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ERIC Number: EJ846501
Record Type: Journal
Publication Date: 2005
Pages: 5
Abstractor: ERIC
ISSN: ISSN-1195-4353
Individualism and Marginality: From Comic Book to Film--Marvel Comics Superheroes
Tuzi, Marino
College Quarterly, v8 n2 Spr 2005
In this article, the author offers his perspective that underlies the plot lines and character developments in various super-hero serials produced by Marvel Comic Books. Stan Lee, the creator of this giant comic books company, the original writers and artists, and their successors at Marvel Comics have given readers a vision of human reality that is filtered though a particular popular culture genre, in which word and image coexist and even merge. This world view is saturated in a postmodern sensibility about individualism and the dilemmas confronted by individualism in modern capitalist, technological, consumer society. In this world, the Marvel super-hero becomes emblematic of a new kind of individualism that stands in that indefinable space between the margin and mainstream society. The hero is essentially presented as a misfit, as a social and scientific aberration, who is accidentally given super-human powers that are in conflict with and even undermined by the convulsions of his/her human personality. Yet, this borderline existence is not just the condition of the often socially isolated and emotionally dysfunctional super-hero. Rather, marginality, as embodied by the psycho-neurotic super-human being, is reflective of a new kind of urban reality, in which individuals experience one another in terms of some kind of estrangement.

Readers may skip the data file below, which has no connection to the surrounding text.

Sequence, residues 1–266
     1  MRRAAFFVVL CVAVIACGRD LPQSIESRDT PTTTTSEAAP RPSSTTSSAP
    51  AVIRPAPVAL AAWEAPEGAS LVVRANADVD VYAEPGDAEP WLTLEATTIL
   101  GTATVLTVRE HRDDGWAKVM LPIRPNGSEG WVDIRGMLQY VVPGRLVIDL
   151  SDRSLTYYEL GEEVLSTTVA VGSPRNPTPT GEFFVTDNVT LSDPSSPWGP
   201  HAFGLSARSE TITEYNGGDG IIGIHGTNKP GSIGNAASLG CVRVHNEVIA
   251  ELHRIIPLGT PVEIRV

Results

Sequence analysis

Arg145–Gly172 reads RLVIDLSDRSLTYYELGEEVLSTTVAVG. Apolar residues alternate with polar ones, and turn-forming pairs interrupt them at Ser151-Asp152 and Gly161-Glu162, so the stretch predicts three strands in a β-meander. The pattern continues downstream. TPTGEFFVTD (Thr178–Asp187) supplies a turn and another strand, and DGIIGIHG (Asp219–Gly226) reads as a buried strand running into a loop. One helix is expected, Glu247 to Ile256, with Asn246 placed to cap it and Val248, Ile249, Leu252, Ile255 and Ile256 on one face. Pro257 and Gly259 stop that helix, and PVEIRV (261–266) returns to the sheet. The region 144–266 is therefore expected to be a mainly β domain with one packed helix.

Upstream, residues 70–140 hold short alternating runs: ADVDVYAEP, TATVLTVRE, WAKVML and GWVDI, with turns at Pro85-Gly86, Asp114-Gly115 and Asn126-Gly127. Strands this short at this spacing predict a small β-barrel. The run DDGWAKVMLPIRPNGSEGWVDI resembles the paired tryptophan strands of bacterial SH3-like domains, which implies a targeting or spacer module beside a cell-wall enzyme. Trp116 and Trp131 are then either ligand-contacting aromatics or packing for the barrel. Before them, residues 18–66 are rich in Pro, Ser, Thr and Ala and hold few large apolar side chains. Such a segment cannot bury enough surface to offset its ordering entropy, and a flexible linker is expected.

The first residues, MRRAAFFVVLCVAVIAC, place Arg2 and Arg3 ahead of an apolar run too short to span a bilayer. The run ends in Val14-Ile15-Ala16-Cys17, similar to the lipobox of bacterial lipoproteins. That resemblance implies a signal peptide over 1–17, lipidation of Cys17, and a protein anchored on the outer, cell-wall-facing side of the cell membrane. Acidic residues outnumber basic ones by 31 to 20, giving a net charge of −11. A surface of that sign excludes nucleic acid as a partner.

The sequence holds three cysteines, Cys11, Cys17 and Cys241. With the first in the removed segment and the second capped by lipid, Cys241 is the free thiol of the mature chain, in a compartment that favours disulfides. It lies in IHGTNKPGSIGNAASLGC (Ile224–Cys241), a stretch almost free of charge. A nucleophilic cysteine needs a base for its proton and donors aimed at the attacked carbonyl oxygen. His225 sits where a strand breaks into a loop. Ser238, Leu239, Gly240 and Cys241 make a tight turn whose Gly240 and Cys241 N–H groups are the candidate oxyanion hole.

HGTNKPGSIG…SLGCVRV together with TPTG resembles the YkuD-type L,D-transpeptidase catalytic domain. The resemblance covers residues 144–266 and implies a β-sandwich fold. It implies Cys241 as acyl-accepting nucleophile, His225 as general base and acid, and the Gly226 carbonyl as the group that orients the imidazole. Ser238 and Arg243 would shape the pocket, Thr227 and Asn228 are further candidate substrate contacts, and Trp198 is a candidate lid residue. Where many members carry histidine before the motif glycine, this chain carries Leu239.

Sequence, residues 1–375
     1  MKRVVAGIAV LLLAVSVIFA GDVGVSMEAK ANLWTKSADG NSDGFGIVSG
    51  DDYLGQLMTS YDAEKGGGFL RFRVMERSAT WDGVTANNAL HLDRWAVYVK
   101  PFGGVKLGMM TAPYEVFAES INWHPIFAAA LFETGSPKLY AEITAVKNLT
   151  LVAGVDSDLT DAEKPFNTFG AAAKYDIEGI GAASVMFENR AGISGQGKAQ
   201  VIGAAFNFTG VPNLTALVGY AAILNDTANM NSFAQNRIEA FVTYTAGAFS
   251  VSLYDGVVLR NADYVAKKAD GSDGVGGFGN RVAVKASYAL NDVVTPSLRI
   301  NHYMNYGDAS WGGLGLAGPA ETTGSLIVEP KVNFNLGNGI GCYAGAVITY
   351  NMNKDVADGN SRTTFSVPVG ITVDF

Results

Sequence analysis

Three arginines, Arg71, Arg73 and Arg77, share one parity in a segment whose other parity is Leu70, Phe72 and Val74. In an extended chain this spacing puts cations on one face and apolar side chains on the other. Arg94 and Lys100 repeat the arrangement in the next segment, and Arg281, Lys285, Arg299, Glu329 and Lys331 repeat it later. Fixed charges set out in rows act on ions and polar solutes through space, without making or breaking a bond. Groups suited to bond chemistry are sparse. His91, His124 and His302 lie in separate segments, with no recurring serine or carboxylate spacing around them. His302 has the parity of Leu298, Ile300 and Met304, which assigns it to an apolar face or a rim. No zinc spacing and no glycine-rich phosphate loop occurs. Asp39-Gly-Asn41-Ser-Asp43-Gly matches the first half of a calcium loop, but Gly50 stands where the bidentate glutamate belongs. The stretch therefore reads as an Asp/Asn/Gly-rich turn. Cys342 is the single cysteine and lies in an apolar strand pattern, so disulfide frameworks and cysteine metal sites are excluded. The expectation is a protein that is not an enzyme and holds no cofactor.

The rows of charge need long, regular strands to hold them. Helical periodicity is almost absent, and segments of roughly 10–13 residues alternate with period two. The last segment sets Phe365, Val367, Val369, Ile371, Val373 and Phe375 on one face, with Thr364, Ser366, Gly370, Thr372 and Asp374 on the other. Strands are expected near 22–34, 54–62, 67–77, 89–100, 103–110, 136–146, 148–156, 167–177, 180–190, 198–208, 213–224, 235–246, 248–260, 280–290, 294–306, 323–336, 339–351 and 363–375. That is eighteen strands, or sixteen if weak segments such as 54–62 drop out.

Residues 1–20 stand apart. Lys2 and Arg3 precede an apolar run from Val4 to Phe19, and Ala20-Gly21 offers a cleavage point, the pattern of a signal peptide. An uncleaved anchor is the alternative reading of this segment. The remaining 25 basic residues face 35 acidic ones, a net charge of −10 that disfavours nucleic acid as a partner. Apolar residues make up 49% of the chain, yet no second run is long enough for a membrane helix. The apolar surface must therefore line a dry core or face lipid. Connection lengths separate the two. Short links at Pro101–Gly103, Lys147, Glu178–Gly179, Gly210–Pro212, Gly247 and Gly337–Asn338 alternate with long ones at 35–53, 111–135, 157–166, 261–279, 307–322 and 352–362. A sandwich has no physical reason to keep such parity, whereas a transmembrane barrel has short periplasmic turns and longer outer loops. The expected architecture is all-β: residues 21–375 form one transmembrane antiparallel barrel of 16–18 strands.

Seneca College of Applied Arts and Technology. 1750 Finch Avenue East, Toronto, Ontario M2J 2X5, Canada. Tel: 416-491-5050; Fax: 905-479-4561; Web site:
Publication Type: Journal Articles; Opinion Papers
Education Level: N/A
Audience: N/A
Language: English
Sponsor: N/A
Authoring Institution: N/A